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ERIC Number: ED200300
Record Type: RIE
Publication Date: 1979-Dec
Pages: 16
Abstractor: N/A
Reference Count: 0
Negative Component of Visual Evoked Potential in Children with Cognitive Processing.
Yanagihara, Masafumi; Sako, Akihito
This study investigates a negative component (N220) of visual evoked potential (VEP) which increases as certain cognitive processes are activated. Nine experimental conditions were designed by combining three stimulus and three task conditions. Letters were used as verbal stimuli, matrix patterns were used as nonverbal stimuli, and white light was used as a non-structural stimulus. Non-response, comparison and counting tasks were performed. Subjects were eight 8- and 9-year-old children who had normal visual acuity and average intelligence. All were right-handed and were confirmed to have neither EEG dysrhythmia nor neurological abnormality. Stimuli were presented for approximately 500 - 800 msec on a viewing screen placed 80 cm in front of the subjects. The VEP was recorded in the left parietal, the right parietal and the mid-occipital regions (by the International 10 - 20 method) using Ag - AgCl electrodes referenced to the left earlobe. Cortical activity was amplified by Nihon Kohden ME - 135D Polygraph and recorded on FM magnetic tape for later analysis. Results indicate that N220 increases under conditions of response task combined with structured stimuli. The increase is especially clear when same-different judgments are elicited with verbal stimuli. A clear fluctuation in the sensory non-specific parietal region is noted when compared to the sensory specific occipital region, indicating that N220 is not entirely due to physical characteristics of the stimuli. Rather, N220 reflects the endogenous process necessary to perform the cognitive tasks. (Author/RH)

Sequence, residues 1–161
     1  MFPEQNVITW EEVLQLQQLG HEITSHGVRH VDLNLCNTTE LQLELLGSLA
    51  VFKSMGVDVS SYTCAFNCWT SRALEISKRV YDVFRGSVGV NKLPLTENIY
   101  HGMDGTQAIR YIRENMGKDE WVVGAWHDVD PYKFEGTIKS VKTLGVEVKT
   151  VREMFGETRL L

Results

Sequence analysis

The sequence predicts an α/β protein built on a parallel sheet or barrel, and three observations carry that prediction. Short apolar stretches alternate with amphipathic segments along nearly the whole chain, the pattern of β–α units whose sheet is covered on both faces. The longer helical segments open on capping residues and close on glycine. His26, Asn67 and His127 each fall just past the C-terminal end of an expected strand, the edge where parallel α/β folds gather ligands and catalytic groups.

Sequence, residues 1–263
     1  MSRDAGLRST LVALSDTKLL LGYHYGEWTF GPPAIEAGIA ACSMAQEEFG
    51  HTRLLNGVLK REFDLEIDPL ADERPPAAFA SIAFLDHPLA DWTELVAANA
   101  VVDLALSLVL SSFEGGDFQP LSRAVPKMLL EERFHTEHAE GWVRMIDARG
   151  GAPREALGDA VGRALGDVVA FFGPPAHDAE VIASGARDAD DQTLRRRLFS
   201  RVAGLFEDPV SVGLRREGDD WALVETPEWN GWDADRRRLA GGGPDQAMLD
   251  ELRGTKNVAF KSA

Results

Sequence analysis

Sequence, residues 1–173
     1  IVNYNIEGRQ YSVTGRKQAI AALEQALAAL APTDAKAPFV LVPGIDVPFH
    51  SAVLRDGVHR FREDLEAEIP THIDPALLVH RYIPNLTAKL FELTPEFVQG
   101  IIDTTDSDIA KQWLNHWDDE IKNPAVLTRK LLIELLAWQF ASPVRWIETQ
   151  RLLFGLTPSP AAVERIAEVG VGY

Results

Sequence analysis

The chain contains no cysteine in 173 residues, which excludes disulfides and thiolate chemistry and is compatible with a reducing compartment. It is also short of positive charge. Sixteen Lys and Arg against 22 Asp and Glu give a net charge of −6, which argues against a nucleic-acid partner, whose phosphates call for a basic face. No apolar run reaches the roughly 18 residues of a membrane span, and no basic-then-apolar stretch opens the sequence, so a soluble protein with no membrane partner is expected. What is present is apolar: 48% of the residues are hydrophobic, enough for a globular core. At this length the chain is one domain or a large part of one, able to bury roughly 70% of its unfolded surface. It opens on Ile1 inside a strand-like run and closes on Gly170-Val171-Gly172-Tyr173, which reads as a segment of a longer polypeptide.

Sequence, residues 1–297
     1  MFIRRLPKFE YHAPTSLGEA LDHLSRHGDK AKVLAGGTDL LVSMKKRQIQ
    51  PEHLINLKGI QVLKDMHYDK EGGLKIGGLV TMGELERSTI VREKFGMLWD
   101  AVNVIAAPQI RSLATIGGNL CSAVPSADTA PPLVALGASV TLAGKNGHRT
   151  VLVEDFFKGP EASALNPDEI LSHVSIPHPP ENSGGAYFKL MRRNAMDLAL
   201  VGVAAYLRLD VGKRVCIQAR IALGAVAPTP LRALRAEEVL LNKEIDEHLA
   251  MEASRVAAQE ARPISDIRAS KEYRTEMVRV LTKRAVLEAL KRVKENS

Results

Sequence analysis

Publication Type: Reports - Research
Education Level: N/A
Audience: N/A
Language: English
Sponsor: N/A
Authoring Institution: Tokyo Gakugei Univ. (Japan). Research Inst. for the Education of Exceptional Children.
Identifiers: Japan; Visual Evoked Potential